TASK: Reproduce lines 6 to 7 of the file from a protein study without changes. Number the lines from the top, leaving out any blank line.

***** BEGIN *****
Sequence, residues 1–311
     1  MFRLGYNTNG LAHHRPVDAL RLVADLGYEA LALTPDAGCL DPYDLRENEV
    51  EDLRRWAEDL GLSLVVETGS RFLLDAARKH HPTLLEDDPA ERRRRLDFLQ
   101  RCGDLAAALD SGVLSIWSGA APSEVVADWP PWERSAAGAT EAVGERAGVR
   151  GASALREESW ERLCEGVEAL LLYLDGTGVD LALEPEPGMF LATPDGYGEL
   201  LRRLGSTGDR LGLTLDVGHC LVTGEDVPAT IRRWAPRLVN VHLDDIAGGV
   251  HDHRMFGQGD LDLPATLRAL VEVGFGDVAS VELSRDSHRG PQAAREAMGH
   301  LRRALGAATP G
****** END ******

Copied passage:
   201  LRRLGSTGDR LGLTLDVGHC LVTGEDVPAT IRRWAPRLVN VHLDDIAGGV
   251  HDHRMFGQGD LDLPATLRAL VEVGFGDVAS VELSRDSHRG PQAAREAMGH